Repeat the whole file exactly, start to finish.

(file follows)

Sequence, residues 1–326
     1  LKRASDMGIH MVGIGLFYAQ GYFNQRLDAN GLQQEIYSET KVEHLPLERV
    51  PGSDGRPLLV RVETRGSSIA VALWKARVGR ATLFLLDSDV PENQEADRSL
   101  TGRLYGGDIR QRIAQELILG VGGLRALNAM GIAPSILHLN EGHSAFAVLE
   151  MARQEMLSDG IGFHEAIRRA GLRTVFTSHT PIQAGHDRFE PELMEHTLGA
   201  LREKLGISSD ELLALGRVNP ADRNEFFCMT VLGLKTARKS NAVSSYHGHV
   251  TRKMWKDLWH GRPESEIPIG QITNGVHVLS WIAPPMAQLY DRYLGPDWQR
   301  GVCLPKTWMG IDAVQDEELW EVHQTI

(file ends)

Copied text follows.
Sequence, residues 1–326
     1  LKRASDMGIH MVGIGLFYAQ GYFNQRLDAN GLQQEIYSET KVEHLPLERV
    51  PGSDGRPLLV RVETRGSSIA VALWKARVGR ATLFLLDSDV PENQEADRSL
   101  TGRLYGGDIR QRIAQELILG VGGLRALNAM GIAPSILHLN EGHSAFAVLE
   151  MARQEMLSDG IGFHEAIRRA GLRTVFTSHT PIQAGHDRFE PELMEHTLGA
   201  LREKLGISSD ELLALGRVNP ADRNEFFCMT VLGLKTARKS NAVSSYHGHV
   251  TRKMWKDLWH GRPESEIPIG QITNGVHVLS WIAPPMAQLY DRYLGPDWQR
   301  GVCLPKTWMG IDAVQDEELW EVHQTI